The outer wool was too thick to be able to add the belt loops – so my belt hangs free. It’s no biggie though – if I want to wear it open, I’ll just leave the belt at home. Or shove it in my bag.
I really love the pocket welts on this coat – they are nice touch to what is an otherwise un-fussy, clean-lined design. Although they might look a bit complicated, they really weren’t tricky to make!
The finishings on the sleeves and hem are really neat and tidy – sometimes my hems are a bit messy (especially at the front corners where the lining meets the facing) but the instructions given for the Opium are just perfect. I don’t even know why other patterns do it differently – it was so easy to get a tidy finish and I’ll be cementing the method into my memory for future usage!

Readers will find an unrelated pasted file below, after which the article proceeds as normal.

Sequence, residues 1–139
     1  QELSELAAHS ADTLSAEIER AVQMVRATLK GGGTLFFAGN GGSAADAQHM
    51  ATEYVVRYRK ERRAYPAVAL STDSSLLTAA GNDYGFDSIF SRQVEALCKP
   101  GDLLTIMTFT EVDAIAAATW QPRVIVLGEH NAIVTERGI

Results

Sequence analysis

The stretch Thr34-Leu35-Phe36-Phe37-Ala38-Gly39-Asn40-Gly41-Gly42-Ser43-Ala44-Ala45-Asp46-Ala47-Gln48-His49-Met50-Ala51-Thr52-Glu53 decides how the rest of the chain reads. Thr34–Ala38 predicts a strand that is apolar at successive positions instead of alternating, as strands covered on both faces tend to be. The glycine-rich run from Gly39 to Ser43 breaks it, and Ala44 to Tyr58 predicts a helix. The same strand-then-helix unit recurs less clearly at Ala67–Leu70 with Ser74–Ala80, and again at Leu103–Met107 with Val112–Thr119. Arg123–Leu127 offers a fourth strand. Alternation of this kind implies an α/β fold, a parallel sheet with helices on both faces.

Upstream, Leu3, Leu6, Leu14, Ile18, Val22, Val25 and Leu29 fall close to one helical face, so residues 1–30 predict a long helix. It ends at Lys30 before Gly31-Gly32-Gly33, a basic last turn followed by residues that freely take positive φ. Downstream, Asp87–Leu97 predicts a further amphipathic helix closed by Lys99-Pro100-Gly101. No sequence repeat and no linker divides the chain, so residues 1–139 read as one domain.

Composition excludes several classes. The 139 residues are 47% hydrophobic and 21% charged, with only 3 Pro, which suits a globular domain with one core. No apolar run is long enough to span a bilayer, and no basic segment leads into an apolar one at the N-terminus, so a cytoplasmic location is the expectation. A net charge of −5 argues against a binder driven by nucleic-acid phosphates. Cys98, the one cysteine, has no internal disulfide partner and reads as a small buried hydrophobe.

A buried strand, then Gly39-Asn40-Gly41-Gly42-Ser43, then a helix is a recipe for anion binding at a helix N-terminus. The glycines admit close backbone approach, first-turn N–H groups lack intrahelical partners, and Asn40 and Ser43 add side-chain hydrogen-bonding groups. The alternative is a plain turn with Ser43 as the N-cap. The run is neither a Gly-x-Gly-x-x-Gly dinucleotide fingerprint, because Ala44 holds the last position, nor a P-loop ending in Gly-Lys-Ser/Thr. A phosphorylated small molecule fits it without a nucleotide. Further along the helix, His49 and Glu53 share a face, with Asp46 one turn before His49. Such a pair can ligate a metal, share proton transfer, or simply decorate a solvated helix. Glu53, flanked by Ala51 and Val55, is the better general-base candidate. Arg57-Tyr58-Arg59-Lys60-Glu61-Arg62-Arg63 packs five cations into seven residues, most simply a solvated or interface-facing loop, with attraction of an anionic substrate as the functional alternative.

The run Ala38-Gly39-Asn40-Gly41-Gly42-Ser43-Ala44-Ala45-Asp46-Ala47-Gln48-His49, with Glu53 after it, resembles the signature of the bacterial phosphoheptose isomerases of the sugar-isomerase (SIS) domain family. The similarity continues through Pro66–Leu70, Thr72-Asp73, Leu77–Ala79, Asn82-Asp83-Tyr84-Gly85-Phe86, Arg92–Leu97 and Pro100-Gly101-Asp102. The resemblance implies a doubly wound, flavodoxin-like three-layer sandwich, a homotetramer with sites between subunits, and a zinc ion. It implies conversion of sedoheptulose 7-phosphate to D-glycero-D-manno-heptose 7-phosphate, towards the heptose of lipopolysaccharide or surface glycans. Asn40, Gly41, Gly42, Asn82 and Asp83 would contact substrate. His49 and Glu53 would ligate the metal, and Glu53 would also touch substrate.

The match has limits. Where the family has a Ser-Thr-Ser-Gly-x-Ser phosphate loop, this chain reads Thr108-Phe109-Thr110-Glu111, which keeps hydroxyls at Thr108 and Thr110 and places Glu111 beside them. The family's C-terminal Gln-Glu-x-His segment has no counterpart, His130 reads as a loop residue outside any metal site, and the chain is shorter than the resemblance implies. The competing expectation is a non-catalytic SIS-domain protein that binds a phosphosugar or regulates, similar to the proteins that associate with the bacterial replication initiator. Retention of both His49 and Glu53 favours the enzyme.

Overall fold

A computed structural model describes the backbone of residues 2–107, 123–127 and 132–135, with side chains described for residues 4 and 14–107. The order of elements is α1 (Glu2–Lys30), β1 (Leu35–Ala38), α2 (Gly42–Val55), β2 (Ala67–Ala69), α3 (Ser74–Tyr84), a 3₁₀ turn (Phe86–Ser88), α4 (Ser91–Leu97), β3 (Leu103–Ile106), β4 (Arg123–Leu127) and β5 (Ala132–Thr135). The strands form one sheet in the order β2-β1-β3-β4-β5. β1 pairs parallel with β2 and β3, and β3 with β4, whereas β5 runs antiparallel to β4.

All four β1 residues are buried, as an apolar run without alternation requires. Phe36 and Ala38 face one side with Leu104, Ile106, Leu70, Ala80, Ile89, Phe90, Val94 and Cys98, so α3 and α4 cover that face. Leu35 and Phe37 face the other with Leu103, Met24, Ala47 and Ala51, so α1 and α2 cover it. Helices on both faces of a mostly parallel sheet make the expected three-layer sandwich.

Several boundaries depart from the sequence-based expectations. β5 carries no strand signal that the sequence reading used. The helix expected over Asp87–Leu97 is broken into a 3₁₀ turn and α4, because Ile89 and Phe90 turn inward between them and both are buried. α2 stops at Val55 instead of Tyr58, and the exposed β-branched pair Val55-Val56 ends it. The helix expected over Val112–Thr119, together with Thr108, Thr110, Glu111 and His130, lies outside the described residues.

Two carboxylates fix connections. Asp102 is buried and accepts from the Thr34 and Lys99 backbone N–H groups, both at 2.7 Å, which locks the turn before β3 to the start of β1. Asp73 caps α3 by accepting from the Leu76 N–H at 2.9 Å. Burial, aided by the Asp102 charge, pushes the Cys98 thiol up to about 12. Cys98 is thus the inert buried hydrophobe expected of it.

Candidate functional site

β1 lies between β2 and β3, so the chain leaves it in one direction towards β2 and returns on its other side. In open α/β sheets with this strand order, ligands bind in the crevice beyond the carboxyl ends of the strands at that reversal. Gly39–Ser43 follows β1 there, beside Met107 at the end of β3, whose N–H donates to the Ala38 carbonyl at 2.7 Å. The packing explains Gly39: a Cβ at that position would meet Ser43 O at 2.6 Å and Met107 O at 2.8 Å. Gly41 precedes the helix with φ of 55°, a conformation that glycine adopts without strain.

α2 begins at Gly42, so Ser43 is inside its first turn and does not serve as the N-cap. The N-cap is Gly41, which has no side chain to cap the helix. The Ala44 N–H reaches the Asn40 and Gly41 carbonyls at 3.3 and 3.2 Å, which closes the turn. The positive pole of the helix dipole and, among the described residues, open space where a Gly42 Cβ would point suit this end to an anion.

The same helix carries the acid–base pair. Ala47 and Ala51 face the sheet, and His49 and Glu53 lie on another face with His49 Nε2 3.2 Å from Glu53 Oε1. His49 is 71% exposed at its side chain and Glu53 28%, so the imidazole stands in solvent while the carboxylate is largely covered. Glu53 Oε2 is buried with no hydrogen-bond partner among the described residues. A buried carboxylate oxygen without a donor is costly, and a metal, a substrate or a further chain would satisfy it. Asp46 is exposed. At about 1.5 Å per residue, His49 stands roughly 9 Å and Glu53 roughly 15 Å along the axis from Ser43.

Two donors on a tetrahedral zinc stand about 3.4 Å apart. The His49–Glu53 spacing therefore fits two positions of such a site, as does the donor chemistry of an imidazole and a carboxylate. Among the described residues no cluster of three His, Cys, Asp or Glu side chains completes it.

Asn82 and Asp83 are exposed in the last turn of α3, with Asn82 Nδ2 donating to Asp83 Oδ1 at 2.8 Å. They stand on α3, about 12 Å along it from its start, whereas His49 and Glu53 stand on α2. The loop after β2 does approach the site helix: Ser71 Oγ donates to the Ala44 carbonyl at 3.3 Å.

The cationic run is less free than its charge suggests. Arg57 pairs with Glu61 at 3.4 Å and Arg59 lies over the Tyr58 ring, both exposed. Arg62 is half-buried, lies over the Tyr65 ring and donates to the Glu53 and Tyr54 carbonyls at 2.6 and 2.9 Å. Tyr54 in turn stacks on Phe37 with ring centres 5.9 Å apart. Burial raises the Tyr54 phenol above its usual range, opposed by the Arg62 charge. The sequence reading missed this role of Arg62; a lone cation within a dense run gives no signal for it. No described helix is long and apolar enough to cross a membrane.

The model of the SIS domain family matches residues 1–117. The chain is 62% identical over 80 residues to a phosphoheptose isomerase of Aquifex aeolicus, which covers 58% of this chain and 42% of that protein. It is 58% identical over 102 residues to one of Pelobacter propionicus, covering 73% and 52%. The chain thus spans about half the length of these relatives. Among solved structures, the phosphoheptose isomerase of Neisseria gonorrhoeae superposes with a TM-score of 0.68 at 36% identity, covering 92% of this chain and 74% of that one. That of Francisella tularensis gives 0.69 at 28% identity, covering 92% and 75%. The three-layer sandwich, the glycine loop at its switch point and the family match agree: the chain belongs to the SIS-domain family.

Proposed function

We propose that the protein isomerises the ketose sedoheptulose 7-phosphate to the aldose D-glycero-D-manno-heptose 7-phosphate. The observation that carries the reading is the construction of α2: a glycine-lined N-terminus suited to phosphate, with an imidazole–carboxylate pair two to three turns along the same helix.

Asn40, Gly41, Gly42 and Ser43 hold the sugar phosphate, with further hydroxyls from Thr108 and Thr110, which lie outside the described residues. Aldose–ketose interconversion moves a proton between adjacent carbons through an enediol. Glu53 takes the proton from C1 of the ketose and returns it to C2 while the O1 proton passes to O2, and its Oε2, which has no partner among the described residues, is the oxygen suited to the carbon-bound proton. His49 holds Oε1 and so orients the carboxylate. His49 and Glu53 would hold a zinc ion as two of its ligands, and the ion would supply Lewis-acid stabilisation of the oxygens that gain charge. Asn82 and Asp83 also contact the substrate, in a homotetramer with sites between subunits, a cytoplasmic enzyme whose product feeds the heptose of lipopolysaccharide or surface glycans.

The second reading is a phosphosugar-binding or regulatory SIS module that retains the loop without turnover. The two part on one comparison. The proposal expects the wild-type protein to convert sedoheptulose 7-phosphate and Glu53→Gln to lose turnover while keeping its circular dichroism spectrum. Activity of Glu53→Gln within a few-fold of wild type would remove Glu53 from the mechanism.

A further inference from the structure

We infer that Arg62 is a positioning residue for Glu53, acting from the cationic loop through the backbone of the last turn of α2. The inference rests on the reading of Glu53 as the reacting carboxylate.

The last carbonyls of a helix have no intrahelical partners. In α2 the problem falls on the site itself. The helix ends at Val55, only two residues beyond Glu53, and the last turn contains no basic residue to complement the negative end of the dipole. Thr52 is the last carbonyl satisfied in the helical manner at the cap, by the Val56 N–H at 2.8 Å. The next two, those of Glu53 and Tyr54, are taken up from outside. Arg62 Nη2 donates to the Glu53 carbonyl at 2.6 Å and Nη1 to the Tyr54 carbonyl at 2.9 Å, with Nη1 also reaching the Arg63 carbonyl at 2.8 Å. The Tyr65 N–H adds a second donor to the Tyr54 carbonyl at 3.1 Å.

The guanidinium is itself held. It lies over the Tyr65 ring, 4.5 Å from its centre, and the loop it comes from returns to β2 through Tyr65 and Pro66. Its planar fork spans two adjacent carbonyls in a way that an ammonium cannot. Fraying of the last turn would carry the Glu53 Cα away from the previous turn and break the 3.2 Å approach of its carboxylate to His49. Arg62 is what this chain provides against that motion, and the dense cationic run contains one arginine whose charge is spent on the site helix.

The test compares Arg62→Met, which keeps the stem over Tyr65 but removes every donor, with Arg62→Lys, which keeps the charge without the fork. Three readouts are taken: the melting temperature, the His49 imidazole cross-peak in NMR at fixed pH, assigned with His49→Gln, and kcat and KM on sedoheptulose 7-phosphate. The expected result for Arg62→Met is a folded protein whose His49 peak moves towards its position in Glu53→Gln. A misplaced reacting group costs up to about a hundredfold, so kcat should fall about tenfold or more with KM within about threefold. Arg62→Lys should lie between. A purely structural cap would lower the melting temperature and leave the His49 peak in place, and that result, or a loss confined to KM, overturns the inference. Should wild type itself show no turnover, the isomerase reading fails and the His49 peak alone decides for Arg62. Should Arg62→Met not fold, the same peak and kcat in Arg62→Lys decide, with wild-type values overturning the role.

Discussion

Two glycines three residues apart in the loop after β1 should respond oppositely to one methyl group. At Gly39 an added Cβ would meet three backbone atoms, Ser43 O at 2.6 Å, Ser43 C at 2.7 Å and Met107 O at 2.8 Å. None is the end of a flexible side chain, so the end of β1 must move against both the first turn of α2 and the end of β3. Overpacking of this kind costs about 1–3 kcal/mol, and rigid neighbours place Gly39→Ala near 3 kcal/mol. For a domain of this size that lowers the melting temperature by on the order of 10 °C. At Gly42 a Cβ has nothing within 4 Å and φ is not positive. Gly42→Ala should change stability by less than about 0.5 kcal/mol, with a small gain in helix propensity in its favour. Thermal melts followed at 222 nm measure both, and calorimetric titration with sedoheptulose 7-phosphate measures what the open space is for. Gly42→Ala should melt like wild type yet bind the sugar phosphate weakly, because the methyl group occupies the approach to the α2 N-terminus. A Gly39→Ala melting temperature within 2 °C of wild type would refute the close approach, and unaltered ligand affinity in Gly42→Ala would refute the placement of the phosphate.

The shoulder seams are strengthened with iron on tape – something I’ve not used before, but I can now see why it’s a good idea. The weight of the coat – mainly that skirt – would totally pull down the shoulders and distort the seams.
(plz excuse the downright grotty ironing board cover. It does get washed from time to time, I promise. Also promise that next year I will make a new one. Scouts honour.)
The design of the Opium is unusual in that you end up with a seam down the outside of the arm – but it looks fine.
I think I’ll make the same view for my next Opium (the with the belt, as opposed to the one with the snaps), but I might actually add some snaps anyway so that I can try wearing it closed without the belt, just to see what kind of silhouette it gives. I’m a little bit worried it’s going to look like a triangular sack on me, but you never know until you try eh?